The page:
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Joel Ndoh
Joel Ndoh

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My takes on EsLint and Prettier against TypeScript

As a developer, I've always been a strong advocate for using Eslint and Prettier for type safety in JavaScript, even over
TypeScript programming language. I know this might be a bit controversial, but hear me out.

Number 1

First of all, Eslint and Prettier offer a lot of flexibility and customization options when it comes to enforcing coding standards and style. This not only improves code readability and consistency but also helps catch potential errors and bugs before they become a problem. With Typescript, while it offers type safety, it can be more rigid and may limit the ability to customize and enforce coding standards in the same way.

Number 2

Secondly, Eslint and Prettier are very easy to integrate into any JavaScript project, regardless of the framework or libraries being used. This can save a lot of time and effort, especially when working on multiple projects with different setups. With Typescript, there can be a steeper learning curve and more effort required to integrate it properly into a project.

Number 3

Finally, Eslint and Prettier have a large and active community, constantly updating and improving the tools with new features and fixes. This ensures that the tools remain up to date with the latest best practices and can adapt to changing development trends. While Typescript also has a large community, it may not be as active in updating and improving the language as frequently.

Of course, this is just my personal preference and I understand that different developers have different opinions and experiences. However, I believe that Eslint and Prettier provide a great solution for type safety in JavaScript and should be considered as a viable option, even over Typescript.

What are your thoughts on this? Do you prefer Eslint and Prettier or Typescript for type safety in JavaScript? Let's start a conversation in the comments!

What ever you say guys

Top comments (4)

gilfewster profile image
Gil Fewster

Both eslint and prettier are indispensable tools, but I’m having a hard time seeing how either of them would be able to offer anything close to the level of type-safety that you get from typescript.

I’d be really interested to see some examples of the rules and configurations you’re using to to get a layer of type-safety from lint/prettier, to get my head around how far they can be leveraged for this.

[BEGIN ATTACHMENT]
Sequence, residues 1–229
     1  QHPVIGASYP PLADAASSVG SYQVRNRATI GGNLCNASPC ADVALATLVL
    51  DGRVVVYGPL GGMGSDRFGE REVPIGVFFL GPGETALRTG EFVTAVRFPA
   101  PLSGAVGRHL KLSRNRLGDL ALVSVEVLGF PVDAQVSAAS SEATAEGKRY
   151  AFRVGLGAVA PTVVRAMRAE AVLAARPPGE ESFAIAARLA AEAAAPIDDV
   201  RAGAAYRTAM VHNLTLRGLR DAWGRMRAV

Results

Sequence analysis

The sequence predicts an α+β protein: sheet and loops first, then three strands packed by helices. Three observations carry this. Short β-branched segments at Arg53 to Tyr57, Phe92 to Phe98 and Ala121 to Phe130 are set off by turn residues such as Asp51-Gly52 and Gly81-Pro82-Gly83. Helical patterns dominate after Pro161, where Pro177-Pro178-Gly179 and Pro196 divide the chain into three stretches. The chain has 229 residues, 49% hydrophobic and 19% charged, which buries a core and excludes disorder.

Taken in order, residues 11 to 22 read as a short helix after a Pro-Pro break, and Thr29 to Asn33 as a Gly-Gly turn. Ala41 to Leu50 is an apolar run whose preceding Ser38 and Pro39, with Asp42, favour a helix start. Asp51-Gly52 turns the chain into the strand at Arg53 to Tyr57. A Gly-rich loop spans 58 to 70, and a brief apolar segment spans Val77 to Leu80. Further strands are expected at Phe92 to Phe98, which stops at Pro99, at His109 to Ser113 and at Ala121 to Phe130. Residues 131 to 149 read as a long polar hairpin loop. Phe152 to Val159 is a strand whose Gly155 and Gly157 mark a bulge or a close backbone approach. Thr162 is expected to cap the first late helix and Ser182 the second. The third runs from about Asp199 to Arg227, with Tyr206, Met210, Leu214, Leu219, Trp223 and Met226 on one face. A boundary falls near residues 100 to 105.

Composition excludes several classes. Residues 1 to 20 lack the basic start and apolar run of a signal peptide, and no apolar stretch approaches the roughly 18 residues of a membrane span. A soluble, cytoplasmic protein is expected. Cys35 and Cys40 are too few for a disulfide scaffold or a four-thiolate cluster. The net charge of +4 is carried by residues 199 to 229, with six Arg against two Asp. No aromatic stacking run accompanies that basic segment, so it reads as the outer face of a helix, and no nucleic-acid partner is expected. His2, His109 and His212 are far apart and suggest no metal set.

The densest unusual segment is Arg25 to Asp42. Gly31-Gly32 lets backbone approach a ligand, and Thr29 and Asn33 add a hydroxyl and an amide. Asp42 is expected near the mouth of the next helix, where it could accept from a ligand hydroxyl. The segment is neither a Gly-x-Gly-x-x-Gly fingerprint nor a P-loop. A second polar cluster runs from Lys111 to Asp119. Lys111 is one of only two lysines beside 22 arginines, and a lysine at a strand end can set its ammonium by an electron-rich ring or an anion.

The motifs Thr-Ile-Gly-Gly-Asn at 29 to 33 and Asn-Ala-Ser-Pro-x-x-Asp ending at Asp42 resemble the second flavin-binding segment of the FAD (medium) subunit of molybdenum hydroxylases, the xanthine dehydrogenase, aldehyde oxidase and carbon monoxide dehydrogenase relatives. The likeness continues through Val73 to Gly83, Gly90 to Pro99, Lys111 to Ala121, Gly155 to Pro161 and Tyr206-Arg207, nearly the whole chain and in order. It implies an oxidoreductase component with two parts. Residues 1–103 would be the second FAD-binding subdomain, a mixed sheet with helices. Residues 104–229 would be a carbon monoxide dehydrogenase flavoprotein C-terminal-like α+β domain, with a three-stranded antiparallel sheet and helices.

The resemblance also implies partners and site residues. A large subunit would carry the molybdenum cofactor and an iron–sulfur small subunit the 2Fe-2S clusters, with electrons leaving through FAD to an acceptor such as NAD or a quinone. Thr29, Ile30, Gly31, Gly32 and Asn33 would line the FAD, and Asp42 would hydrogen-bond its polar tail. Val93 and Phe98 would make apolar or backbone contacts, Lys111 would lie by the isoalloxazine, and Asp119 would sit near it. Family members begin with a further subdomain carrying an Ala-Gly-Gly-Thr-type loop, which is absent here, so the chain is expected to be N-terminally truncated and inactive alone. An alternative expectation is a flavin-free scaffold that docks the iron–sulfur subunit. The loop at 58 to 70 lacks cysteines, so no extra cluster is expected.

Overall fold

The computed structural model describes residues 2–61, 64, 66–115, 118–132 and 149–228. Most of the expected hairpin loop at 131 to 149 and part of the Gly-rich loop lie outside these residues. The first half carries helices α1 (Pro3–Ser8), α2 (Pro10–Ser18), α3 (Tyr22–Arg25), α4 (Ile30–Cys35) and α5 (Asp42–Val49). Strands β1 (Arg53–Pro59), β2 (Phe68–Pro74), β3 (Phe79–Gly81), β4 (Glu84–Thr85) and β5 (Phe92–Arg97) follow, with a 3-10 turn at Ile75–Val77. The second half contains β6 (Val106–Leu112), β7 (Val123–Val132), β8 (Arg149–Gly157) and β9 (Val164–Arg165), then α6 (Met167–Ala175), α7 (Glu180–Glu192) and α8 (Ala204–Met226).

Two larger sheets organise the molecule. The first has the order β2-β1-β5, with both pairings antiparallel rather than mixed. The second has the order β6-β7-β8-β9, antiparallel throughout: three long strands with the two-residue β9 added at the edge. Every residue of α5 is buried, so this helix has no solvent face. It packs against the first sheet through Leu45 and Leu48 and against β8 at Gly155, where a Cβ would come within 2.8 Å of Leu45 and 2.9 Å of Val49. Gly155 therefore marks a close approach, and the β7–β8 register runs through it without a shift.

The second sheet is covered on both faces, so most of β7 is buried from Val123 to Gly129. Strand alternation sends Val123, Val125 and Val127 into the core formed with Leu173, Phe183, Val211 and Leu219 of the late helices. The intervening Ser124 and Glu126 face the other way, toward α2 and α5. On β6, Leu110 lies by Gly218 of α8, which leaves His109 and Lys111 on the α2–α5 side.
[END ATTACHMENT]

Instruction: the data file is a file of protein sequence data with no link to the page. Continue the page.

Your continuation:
ndohjapan profile image
Joel Ndoh

I completely understand your point of view and agree that TypeScript provides a stronger level of type-safety than ESLint and Prettier. However, my argument is that for small projects, especially those that do not require the full features of TypeScript, ESLint and Prettier can provide enough type-safety and at the same time save time and effort.

To clarify, ESLint can catch a lot of common mistakes during development, such as undeclared variables, misspelled variable names, and other potential errors that can lead to runtime issues. And by using Prettier, code formatting is consistent and errors caused by formatting are reduced. This can be helpful in maintaining a clean and organized codebase.

Of course, TypeScript offers more advanced features for type-safety, but it also requires a learning curve and may not always be necessary for small projects. It ultimately comes down to the specific needs of each project and the resources available.

In terms of configurations and rules, there are various plugins and packages available for ESLint that can add type-safety checks to the code. For example, the "@typescript-eslint" plugin for ESLint allows developers to leverage TypeScript syntax for their ESLint configurations. This provides a level of type-checking that is not available with the basic ESLint configuration.

I hope you get what I mean 😉

brense profile image
Rense Bakker

I mean... Most typescript projects use prettier and eslint to enforce coding standards... They're not mutually exclusive at all. But like the other commenter I don't see how you can achieve type safety with eslint and prettier...

ndohjapan profile image
Joel Ndoh

My bad, I failed to state the scope of which I published this post.

The post was created bearing in mind small projects.

I completely agree that using eslint and prettier for enforcing coding standards is a common practice in TypeScript projects.

However, my point in the hot take was that for small projects, using eslint and prettier with the right configuration can offer a certain level of type safety.

Of course, they can't completely replace TypeScript in terms of type safety, but they can help catch some errors and improve the overall quality of the code. It's all about finding the right balance and using the tools that work best for your specific project and team.